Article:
A-17 Free Communication/Slide - Older Adults: MAY 28, 2008 9:30 AM - 11:30 AM ROOM: 104
PURPOSE: The objective of the present investigation was to compare the physiological responses of young and aged women during exercise of the same relative intensity, as well as during post-exercise recovery.
METHODS: Ten young (20.3 ± 0.3 yrs; mean ± SE) and 10 aged (75.5 ± 1.2 yrs) women with similar levels of habitual/recreational physical activity, served as subjects. Each subject initially performed a graded exercise test on a cycle ergometer to the point of volitional exhaustion in order to establish peak oxygen uptake (VO2). Subjects later returned to the laboratory to cycle at 60-65% of their peak VO2 for 30 min. Physiological variables including heart rate, blood pressure, rectal temperature, plasma lactate and glucose concentrations, and respiratory exchange ratio (RER) were quantified before exercise, at the 15th and 30th minute of exercise, as well as at 5 and 15 min post-exercise.
RESULTS: During exercise and throughout recovery, young women displayed significantly (P<0.05) higher heart rates than aged women. In contrast, mean arterial blood pressure was significantly higher among aged women both during exercise and throughout recovery. Rectal temperature was found to be higher among young than in aged women during exercise and at 5 min post-exercise. Our data also showed that compared to young women, plasma glucose levels were significantly higher among aged women both during and throughout recovery. Conversely, young women displayed higher plasma lactate concentrations than aged women during exercise as well as throughout the 15 min recovery period. Finally, the respiratory exchange ratio of young women was significantly higher than that observed among aged ones, indicating a greater reliance by young women upon carbohydrates as energy substrate during exercise.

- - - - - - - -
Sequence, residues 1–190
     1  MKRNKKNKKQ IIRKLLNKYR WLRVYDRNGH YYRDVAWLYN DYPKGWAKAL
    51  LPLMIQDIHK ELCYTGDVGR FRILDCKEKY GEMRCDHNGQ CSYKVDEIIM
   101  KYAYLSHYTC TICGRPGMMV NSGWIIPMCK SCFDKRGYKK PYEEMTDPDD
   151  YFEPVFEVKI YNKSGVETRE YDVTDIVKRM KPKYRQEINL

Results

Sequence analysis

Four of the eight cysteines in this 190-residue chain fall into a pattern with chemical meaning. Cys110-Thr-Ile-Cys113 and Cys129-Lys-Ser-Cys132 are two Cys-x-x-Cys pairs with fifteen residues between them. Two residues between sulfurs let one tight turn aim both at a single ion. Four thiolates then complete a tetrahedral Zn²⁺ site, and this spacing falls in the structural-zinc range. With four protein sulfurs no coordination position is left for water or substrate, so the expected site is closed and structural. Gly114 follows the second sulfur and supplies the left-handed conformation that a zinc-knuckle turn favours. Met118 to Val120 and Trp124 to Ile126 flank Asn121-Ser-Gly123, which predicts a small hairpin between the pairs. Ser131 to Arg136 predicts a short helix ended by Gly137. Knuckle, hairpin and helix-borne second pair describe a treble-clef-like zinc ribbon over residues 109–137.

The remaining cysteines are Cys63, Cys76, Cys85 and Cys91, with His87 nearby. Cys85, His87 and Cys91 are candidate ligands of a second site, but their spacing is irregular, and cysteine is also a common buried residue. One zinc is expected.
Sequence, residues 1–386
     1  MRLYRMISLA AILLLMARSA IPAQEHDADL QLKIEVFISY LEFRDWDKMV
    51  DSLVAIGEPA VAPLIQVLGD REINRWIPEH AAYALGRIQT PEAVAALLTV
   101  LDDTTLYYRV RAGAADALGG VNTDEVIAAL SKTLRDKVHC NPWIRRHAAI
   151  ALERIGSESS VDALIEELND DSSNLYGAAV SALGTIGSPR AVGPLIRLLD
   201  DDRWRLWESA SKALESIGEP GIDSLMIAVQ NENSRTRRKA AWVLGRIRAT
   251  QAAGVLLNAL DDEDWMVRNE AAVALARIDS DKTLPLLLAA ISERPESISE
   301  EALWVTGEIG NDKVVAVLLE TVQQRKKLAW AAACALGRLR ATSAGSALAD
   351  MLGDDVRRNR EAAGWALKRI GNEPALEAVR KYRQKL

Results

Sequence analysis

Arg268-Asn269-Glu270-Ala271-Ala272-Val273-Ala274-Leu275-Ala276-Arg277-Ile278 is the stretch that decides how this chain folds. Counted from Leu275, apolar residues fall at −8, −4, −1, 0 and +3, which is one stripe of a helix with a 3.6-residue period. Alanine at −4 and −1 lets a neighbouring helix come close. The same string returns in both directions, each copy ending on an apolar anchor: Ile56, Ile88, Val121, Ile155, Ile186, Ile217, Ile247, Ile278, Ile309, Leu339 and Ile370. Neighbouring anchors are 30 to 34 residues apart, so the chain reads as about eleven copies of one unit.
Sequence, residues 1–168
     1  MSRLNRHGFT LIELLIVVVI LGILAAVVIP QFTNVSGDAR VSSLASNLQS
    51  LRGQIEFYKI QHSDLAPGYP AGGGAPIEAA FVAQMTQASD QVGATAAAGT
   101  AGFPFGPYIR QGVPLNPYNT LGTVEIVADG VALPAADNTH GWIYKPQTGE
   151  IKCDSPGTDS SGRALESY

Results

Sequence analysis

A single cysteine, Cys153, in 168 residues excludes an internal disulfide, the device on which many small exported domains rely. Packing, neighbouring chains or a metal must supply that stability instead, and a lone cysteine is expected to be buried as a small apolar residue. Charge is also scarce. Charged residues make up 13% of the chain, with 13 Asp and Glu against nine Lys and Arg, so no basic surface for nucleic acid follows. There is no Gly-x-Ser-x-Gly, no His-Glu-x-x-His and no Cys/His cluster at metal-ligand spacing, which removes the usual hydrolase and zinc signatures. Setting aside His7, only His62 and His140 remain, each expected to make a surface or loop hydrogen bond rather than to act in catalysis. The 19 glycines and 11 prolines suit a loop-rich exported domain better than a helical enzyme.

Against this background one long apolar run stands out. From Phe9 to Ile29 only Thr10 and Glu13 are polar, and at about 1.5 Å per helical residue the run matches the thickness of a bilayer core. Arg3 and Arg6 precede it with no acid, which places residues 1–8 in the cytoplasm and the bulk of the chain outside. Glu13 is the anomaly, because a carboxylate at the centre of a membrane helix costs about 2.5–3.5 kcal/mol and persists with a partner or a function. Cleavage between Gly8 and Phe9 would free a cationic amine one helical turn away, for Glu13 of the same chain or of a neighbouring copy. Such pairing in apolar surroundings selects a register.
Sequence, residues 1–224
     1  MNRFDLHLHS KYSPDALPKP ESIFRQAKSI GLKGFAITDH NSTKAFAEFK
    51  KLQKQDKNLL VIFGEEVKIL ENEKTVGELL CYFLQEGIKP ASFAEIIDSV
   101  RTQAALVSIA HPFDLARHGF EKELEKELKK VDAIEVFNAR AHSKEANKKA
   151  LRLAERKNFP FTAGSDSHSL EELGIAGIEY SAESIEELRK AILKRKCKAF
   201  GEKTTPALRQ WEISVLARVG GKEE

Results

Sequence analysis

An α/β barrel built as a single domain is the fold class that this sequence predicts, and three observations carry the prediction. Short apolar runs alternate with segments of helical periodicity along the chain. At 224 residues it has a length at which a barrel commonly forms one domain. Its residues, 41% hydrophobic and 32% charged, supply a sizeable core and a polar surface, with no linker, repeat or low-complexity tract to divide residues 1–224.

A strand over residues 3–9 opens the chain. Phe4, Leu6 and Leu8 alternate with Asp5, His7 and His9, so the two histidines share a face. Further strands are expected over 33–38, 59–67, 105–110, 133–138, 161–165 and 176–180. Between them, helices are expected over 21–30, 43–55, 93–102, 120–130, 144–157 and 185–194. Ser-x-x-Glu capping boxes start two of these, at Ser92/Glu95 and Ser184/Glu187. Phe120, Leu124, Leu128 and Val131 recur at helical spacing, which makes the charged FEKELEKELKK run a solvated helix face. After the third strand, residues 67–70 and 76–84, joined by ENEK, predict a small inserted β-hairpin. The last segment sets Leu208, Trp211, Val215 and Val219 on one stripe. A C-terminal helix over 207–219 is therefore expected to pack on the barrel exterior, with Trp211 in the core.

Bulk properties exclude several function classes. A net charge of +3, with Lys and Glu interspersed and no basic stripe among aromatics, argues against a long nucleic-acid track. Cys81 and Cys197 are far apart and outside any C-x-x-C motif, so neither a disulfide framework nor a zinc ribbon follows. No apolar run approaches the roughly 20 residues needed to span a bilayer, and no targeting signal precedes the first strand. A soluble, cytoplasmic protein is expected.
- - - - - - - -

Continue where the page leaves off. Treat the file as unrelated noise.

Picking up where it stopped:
CONCLUSIONS: Even when relative intensity is held constant, aging modulates the pattern of metabolic, cardiovascular, thermoregulatory, and plasma metabolite responses during exercise and post-exercise recovery in women.
Supported by The Borgenicht Program for Aging Studies and Exercise Science